Just How Real is the Reel NCIS?
By Samantha L. Quigley
Got a dead Marine. Grab your gear.”
It’s the Gibbs catchphrase heard around the world, but it’s not part of the lexicon in the beige halls of the real Naval Criminal Investigative Service headquarters in Quantico, Virginia, which provides oversight for the nearly 150 global NCIS locations.
“It is entertainment,” MaryAnn Cummings, NCIS communications director and retired Army colonel, said of the hit television franchise bearing the agency’s name. “It’s the Hollywood version.”
The shows are a composite of real life, not documentaries. While Hollywood does intersect with its real-world counterpart in some ways, there are differences, including the types of crimes the real NCIS—not to be confused with the reel “NCIS”—covers and its role in an investigation.
The real agents do a job equivalent to civilian detectives, but with a focus on the Navy and Marine Corps. Their mission—far broader than the TV shows suggest—includes general and economic crimes, counterterrorism, counterintelligence and crime prevention and being ready to respond at a moment’s notice if there’s a tie to the Navy or Marine Corps.
“We’re usually not the guys that arrive first on the scene,” said Cummings, a West Point graduate who served as a Provost Marshall and completed two combat tours to Iraq. “That would be either your local police department, or if it’s on post … the Navy police.”
On the show, there are often struggles over jurisdiction, which makes things more entertaining. Ed Buice, an NCIS public affairs officer, said that’s not real life. The real agents work closely with other military and civilian agencies, but good relationships and paperwork—a large part of the job—just aren’t entertaining, he added.
The shows’ credibility has made it a global sensation and been a positive for the real agency that spent a lot of time explaining its mission before “NCIS’” 2003 debut.
“If you look at the first actual episode, it shows Gibbs at the airport trying to get on a plane and he’s carrying a weapon. He’s trying to explain who NCIS is and they’re like, ‘Who are you guys?’” Cummings said, adding that scenario actually happened to a former director.
With so much global visibility and the NCIS brand at stake, Cummings regularly interacts with the cast and crew.
“When we come into a situation and we say we’re NCIS, they’re immediately going to think of the television shows, so we have a vested interest in making sure the television shows maintains a certain credibility and a certain accuracy when we can,” she said.
“Theirs is a moneymaking business. I completely understand and support it.” Because of that, she doesn’t often request changes, but when she does, producers listen and work to resolve the issue.
“The TV show … doesn’t have to listen to me when I call up and say, ‘That’s not helpful in terms of getting a message out about what we do,’” she said. “I think they choose to because they find the partnership beneficial and they … are committed to doing the right thing.”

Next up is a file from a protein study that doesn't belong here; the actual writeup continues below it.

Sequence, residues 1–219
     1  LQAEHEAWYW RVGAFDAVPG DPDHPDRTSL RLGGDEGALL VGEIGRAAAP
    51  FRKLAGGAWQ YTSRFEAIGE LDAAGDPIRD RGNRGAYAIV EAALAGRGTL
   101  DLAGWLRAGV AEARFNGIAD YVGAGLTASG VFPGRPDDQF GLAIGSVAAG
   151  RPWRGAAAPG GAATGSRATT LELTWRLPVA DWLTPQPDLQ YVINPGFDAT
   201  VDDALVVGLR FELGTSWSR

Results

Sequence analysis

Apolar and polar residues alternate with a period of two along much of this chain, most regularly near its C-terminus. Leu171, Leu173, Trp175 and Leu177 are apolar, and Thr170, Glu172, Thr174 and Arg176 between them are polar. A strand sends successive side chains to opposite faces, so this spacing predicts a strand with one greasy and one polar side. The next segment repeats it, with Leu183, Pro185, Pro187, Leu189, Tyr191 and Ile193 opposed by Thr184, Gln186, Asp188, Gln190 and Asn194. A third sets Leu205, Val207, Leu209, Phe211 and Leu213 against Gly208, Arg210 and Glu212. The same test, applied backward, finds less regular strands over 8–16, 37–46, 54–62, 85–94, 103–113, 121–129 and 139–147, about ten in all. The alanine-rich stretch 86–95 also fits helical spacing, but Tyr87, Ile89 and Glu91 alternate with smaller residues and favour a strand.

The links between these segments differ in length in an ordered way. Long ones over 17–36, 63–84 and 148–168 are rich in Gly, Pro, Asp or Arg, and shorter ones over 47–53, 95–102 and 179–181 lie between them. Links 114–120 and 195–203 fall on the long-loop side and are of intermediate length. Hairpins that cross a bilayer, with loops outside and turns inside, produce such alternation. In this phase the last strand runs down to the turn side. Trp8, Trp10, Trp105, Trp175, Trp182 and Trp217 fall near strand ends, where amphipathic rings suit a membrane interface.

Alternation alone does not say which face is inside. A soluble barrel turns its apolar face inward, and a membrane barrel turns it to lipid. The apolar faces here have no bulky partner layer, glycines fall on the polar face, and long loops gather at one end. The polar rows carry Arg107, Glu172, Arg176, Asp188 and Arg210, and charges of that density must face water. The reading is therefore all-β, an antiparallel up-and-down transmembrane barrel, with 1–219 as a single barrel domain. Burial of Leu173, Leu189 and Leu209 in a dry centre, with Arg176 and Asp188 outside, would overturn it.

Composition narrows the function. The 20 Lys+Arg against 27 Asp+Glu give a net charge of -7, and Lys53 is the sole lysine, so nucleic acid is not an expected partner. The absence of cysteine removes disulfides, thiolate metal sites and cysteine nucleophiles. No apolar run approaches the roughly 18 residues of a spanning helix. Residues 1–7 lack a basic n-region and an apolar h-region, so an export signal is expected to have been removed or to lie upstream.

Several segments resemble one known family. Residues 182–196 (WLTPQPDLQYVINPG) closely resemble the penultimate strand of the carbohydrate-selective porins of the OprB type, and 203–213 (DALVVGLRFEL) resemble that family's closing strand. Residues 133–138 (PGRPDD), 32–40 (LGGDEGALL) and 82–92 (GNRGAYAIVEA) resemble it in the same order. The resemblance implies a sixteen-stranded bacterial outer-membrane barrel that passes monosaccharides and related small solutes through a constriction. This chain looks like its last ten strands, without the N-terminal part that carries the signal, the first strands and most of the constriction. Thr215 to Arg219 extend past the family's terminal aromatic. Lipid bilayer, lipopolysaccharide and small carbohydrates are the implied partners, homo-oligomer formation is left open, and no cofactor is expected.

So how are the TV franchise and the real-life agency similar?
“I think on both sides … you see teams of dedicated, hard-working people trying to do their best,” Cummings said. “You’ve got a lot of individuals who work very hard to do the right thing every single day.”
And it all comes back to family.
“Much like the military unit becomes a family … NCIS is a family,” Cummings said. Viewers have embraced that sense of family with the “NCIS” characters. While fans might be a little uncomfortable with what seems like inappropriately timed humor, it’s how some families cope with stress. It’s also real and necessary, she said.
“To a certain extent, you have to have a coping mechanism and that’s where the humor comes in. … That’s how you cope with it, because you don’t want to fall apart.”
One last spoiler alert for “NCIS” fans. What you’re about to read might help you on a “Jeopardy!” appearance, but it shouldn’t shatter your illusion that the reel “NCIS” is, in some way, well … real.
There is no Ducky, per se, or an “Abby in the labby,” said Buice, referring to the original show’s medical examiner and forensic scientist, respectively. While there used to be Abby equivalents when the show started, they’ve been consolidated into the Army’s lab. Though there’s never been a medical examiner, there are folks who handle dead bodies, but they don’t conduct autopsies.
And “Gibbsing” someone—Gibbs’ affectionate slap on the back of the head—could actually land the aggressor in hot water at the real NCIS, where it would be considered assault.
“That’s one of those entertainment things that everybody chuckles at,” Cummings said. “There are some things that we go, ‘OK, in the interest of entertainment, we’ll give you that.’ ”
—Samantha L. Quigley is the editor in chief of On Patrol magazine. This story originally appeared in the Winter 2015-2016 issue of On Patrol, the magazine of the USO.
You can send a message of support and thanks directly to service members via the USO’s Campaign to Connect. Your messages will appear on screens at USO locations around the world.
Stories in this Series
Jan 19, 2016
TV Hit 'NCIS' Shines a Positive Light on the Military
"NCIS" Executive Producer Gary Glasberg says tackling serious subjects allows the cast and crew to humanize complex military issues and gives viewers something to relate to. He also says the show’s relationship with the military and the real-life NCIS “comes in handy.”